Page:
There are several other ways for hardness to be measured, but the Rockwell test is the easiest one to perform. The portable tester provides an accurate measurement that can then be converted to a number on the hardness scale. The device is also highly versatile, and metals of nearly any size and shape can be used

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The Rockwell Metal Hardness Scales Explained

The Rockwell hardness test is used to test the hardness of materials. The Rockwell test is usually performed on metals ranging from thin steal all the way to harder metals like Titanium. However, there are multiple scales to test in and these are identified by a letter ranging from A-V  Each scale uses a different indenter and load to perform the test.

The equation for the Rockwell hardness test for metals is below:  d=depth from zero load point.  N and s = various scale factors that can be found in the chart below.

Rockwell A scale

Used to test: Tungsten carbide.

Rockwell B Scale

Used to test: aluminum, brass, and softer steels

Rockwell C Scale

Used to test: harder steels.

There are other scales that are associated with a Rockwell superficial test. These scales use a lighter loads and shallow impressions to perform the test. These are used on testing very thin metals.

Ames Superficial Hardness Tester
Note: There is only one row of dial numbers for the Ames superficial tester.

Get an Accurate Reading With Ames Rockwell Hardness Test Blocks

To ensure your Rockwell metal hardness tester is performing at it’s highest efficiency they should be tested on our test blocks everyday.

Our test blocks come in:

  • Brass

  • Hard Steel

  • Soft Steel

Ames offers the best quality hardness test block selection in the industry. If you don’t see what you’re looking for, please call our sales department. All of our Rockwell test blocks:

  • Come with certification.

  • Calibrated and meet automotive and aerospace standards.

  • Calibrated and meet ASTM standards.

Our test blocks are manufactured to provide our customers who need the best when it comes to quality control.  Matching specific blocks to a specific penetrator, a set relationship is established, and they can be eliminated as potential variables in the hardness test system. When an issue comes up our blocks work to quickly and accurately determine whether your Rockwell hardness tester is the source. Each block has been calibrated on a tester whose accuracy has been verified using N.I.S.T. traceable load and depth measuring devices. The individual test blocks are marked with their own unique serial number.  More information available upon request.

Call or email us with any questions.


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How To Use A Rockwell Portable Hardness Tester

Using An Ames Portable Metal Hardness Tester

Find more helpful videos on our youtube channel. Below is a transcript of the above video.  If you have any questions or need more information on our portable Rockwell testers than contact us here.

We’re going to be testing a customer’s sample piece on her Model 1 a standard Ames portable hardness tester.  The purpose of this demonstration is to show you just how easy it is to operate the tester as a sample piece or using a small clip. It is a hard material spring-type steel.  I’m using a diamond penetrator for the flat Anvil.   I’m going to be measuring in the C scale which requires a 10-kg minor load and I’ve got a  150 kg major load.  First thing I want to do is initialize the Dow indicator Itself by rotating the setting of the stylus of the indicator. Next we’re going to trap the part between the Anvil and the penetrator and I’m going to establish my 10 kg. load. Simply do that by rotating the handwheel and the pin correctly. Next we want to establish the zeo point on the tester itself. To do that we  rotate barrel down and rest the pin directly on the magnifer. Next we will rotate the handwheel to 150. Once that is set, reverse the handwheel back to the set point. What you see is the C scale numbers in black and B scale numbers in red. We are looking at the C scale.  You can see the line underneath the number 40 there’s a thick line and then off on the left hand side there’s little hash marks each one of those small hash marks is 2 points.  The large broad line underneath the number itself is the whole number or in this case 40.  You can see it set up in 10 point increments.  So what we’re looking at is 40 which is the black line underneath the 40 and then we’re sitting right between the broad and hash mark which makes it a 41.  We want to thank you for your attention should you have questions please feel free to contact us by email telephone.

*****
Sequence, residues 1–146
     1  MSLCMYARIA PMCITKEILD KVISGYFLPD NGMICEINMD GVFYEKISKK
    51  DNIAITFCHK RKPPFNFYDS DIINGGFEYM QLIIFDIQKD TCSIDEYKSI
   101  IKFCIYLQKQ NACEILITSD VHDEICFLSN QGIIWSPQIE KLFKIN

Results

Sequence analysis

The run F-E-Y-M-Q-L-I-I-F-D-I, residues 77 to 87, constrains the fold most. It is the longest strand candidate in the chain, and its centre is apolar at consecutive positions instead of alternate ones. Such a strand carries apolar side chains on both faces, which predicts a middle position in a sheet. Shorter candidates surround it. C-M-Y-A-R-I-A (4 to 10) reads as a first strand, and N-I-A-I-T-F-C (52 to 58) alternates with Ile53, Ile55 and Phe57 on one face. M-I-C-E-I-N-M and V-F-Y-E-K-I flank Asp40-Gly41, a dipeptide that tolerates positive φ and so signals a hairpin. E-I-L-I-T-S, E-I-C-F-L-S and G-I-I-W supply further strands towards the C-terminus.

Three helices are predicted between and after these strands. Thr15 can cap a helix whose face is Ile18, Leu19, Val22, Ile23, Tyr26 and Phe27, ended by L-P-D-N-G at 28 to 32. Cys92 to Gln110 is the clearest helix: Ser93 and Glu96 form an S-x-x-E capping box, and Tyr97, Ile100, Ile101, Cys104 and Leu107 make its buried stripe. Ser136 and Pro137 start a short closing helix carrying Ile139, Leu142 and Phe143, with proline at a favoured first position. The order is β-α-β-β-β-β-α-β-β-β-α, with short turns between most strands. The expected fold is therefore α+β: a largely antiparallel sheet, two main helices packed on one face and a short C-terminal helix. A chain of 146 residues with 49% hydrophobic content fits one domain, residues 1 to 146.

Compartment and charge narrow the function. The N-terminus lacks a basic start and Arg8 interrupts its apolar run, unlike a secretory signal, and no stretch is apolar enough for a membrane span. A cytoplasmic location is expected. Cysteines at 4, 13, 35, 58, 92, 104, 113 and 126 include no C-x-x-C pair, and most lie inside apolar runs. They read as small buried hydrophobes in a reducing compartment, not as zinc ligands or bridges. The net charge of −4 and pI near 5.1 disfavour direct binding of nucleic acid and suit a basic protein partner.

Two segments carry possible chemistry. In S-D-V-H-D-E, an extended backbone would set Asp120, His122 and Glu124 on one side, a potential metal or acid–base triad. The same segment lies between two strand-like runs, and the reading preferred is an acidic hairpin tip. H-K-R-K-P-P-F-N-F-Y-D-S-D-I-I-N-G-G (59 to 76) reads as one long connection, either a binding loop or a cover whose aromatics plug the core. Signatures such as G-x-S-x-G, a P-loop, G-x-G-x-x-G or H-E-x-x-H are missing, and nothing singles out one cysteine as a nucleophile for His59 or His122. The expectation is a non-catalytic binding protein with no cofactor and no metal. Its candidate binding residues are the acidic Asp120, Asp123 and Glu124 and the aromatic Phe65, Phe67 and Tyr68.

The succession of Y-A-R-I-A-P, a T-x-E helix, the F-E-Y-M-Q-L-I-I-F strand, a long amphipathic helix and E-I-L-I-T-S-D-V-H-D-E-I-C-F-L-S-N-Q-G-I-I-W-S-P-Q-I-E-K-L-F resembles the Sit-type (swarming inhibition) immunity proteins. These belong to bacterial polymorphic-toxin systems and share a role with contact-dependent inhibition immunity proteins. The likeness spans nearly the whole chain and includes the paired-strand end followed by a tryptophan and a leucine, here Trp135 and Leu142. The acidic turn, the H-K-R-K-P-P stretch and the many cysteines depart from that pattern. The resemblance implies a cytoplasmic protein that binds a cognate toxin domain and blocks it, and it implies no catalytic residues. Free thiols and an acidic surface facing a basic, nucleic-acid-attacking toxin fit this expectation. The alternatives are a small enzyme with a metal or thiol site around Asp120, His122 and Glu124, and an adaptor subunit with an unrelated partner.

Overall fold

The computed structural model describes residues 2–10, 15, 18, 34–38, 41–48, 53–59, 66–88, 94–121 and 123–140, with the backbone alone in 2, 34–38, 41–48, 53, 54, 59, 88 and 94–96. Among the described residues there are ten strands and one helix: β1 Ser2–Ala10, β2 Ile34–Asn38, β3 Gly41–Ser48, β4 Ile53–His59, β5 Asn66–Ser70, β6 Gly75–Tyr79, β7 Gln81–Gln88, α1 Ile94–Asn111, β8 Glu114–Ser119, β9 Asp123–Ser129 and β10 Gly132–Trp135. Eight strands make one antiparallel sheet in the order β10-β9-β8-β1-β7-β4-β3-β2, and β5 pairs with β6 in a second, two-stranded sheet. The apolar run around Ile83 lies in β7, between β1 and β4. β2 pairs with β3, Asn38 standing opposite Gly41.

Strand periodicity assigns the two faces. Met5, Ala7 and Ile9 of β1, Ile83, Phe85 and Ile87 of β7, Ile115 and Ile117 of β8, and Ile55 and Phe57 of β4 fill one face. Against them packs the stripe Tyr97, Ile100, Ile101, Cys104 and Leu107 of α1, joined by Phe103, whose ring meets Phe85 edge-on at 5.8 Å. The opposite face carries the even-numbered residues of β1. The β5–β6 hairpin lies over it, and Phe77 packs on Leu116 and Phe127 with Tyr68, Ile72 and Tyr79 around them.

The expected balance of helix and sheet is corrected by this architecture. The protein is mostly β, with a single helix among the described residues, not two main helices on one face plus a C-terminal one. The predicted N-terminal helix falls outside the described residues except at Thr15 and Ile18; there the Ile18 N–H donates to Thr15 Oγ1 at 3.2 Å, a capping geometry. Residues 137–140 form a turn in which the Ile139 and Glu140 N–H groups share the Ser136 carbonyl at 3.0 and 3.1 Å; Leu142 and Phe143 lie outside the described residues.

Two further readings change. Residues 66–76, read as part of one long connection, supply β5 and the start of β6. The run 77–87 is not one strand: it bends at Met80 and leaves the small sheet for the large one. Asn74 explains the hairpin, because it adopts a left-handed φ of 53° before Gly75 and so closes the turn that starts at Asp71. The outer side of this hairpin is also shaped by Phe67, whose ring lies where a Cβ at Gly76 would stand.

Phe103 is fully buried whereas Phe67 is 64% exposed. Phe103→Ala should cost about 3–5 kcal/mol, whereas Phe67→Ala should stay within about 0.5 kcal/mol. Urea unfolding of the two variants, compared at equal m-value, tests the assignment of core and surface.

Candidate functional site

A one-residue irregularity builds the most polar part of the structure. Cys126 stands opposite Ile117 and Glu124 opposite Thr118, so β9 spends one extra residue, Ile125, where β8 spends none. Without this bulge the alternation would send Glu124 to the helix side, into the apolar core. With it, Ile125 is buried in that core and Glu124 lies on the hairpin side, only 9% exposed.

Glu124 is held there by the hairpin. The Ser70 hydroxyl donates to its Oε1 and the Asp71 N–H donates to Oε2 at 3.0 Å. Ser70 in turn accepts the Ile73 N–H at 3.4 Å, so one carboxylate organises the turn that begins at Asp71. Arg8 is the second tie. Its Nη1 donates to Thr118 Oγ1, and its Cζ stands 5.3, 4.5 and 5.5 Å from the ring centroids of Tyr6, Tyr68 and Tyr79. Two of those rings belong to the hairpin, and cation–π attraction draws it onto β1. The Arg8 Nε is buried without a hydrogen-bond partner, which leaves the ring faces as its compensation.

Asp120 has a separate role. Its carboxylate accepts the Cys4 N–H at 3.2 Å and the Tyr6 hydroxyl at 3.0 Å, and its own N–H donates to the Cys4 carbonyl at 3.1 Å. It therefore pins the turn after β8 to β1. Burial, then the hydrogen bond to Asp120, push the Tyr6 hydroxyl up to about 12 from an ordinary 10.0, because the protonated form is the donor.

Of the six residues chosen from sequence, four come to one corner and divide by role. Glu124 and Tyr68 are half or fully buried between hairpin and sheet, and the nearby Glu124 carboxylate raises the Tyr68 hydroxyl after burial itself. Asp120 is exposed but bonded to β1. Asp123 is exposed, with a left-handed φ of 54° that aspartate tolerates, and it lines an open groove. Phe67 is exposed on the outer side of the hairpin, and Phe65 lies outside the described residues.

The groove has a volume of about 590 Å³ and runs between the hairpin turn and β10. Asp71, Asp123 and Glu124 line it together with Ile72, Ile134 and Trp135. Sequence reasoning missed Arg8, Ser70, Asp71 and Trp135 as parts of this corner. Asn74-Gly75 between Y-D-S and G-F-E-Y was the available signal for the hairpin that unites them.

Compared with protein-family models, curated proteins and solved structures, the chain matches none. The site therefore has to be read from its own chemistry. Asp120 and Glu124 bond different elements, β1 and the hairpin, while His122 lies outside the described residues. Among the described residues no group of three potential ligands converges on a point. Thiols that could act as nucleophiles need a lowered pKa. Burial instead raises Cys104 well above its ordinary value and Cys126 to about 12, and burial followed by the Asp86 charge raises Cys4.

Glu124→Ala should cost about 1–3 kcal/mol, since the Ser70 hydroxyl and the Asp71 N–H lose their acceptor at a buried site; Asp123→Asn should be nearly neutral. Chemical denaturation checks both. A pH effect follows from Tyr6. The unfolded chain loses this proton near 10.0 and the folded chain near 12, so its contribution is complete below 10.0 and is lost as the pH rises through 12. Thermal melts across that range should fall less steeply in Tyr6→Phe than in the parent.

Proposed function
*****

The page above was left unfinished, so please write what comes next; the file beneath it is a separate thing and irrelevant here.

Below are a few videos featuring tips on how to use a Portable Ames Rockwell Hardness Tester. Make sure  to tighten extensions, penetrator and anvil. Also make sure the gage is set to the dot. When used correctly our metal  hardness testers are reliable for testing metals and plastics.

If you should have any questions on our portable hardness testers please contact us here.

The first thing we are going to do is, with no load applied we want to lift this needle and make sure it’s below that set mark and pointed right at the dot. The next thing we’re going to do is just make sure all our components are tight so starting with the anvil, the extension and the anvil adapter and finally our penetrator, just make sure all of those are finger tight.